I honestly can’t say if the matchmaking’s any better or worse than before, but I do have to say that it’s a lot easier and more encouraging to hit “Unranked Arena” and just -play- a proper game, rather than be relegated to the dregs of hotjoin where people shamelessly stack their way to victory.
I am going to assume it’s easier to actually queue up with friends as a party and play Unranked (without risking your MMR plunging), as opposed to the old system where if you actually wanted to play a proper game, you HAD to play ranked, and your only choice was between Solo queue or Team queue.
There’s content there too, in the form of a new crowd attracted by the changes (though time will tell if it’s temporary or if it lasts.)
Anyhow, with my limited time these few weeks, I’d rather spend more time playing GW2 than blogging about it, which I guess speaks volumes about what I think about the last few updates.
Granted, it’s from the perspective of a slow lowbie or a noob’s eye view, but as a representative of the beginner player subset, I think the latest update for Path of Exile goes a long way towards making the game more interesting when you simply play through the game.
(As opposed to more ‘endgame’ or ‘alternate’ gameplay modes where one speedruns through everything, racing though maps or levels, or sit around repeating instances and farming for loot – though it probably does make life more interesting there as well.)
First off, the UI has changed:
The most obvious addition is that of an MMO-like ‘quest tracker’ to the right side of the screen, that probably makes things a lot clearer for newbies as to where they’re supposed to go and what’s optional and what’s not.
Even though I’ve played through the Acts enough times by now to have memorized the sequence, it’s still nice to have a quick reminder of what quest stage one is at, without having to bring up the entire quest objectives menu.
(Now, if only I can figure out how to stop the damn square exclamation mark from popping up every time I fulfill a quest objective. Any Path of Exile pros have any tips on this front? It’s driving my OCD nuts to have to press U to clear it every time.)
It would be a little better if it were more customizable, but small steps forward, I guess.
The strange rune-like icons on the left have been replaced with a single pop-up menu button that expands out to show all the options in detail. Again, a more newbie-friendly change. Experts will already have memorized the keyboard shortcut by now.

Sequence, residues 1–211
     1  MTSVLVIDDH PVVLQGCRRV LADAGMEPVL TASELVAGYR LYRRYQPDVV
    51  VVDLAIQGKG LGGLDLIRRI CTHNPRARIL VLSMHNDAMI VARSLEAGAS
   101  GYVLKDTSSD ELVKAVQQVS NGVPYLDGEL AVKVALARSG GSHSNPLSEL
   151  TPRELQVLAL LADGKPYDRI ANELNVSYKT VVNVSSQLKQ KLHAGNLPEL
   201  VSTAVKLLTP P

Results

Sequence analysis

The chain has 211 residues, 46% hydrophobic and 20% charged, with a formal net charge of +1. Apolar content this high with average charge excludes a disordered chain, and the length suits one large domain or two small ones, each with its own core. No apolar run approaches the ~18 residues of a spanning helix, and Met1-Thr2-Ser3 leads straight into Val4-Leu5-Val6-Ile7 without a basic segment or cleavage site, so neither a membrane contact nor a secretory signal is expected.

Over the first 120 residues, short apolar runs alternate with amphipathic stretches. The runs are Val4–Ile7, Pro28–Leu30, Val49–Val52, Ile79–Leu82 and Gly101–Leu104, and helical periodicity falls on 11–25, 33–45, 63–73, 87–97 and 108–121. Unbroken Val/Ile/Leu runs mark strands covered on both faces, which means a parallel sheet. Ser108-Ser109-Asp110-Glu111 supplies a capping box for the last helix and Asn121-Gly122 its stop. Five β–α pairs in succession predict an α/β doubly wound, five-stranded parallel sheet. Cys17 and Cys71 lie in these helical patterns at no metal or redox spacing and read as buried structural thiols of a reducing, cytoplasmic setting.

The cryptic dollar sign has been replaced with a more clearly labeled “SHOP” button for the microtransaction shop.
And the flasks have had a little pretty visual upgrade, complete with recessed shadows that conform to their shapes.
Anyhow, I logged in with barely contained glee onto my level 65 Shadow, full of confidence that Forsaken Masters would make everything better.
Then reality struck.
They’d literally reset ALL of my points, since duh, I’m a Shadow, and that part of the tree got completely rearranged.
That’s 81 skill points to reallocate.
As if that were not intimidating enough, going into the passive tree warns you that the patch gave your character a full one-use skill tree reset, except that if you allocate any passives before using it, it will be lost.
(Not that the Shadow really needs it, they already reset the whole thing for me!)
Finally, one looks at the whole relevant part of the skill tree, trying to take in all the changes, while still trying to figure out if my previous playstyle can still be built for, without totally gimping myself again…
I am perfectly aware that there are skill builders on websites that I can use.
Those rather assume a bit more knowledge and familiarity with the tree than I start out with, nor do I have the interest in staring at and reading each node online, then spending three hours tinkering with it without playing the game.
(Those kinds of things are fun -later- after you’ve mastered the basic game. I spent plenty of time playing with City of Heroes’ offline build creators, slotting IOs to eke out that last percent of optimal, but that was -after- leveling a bunch of alts and being familiar enough with the powersets to pick the arrangement I wanted without thinking about it.)
Granted, the new layout does feel a lot better.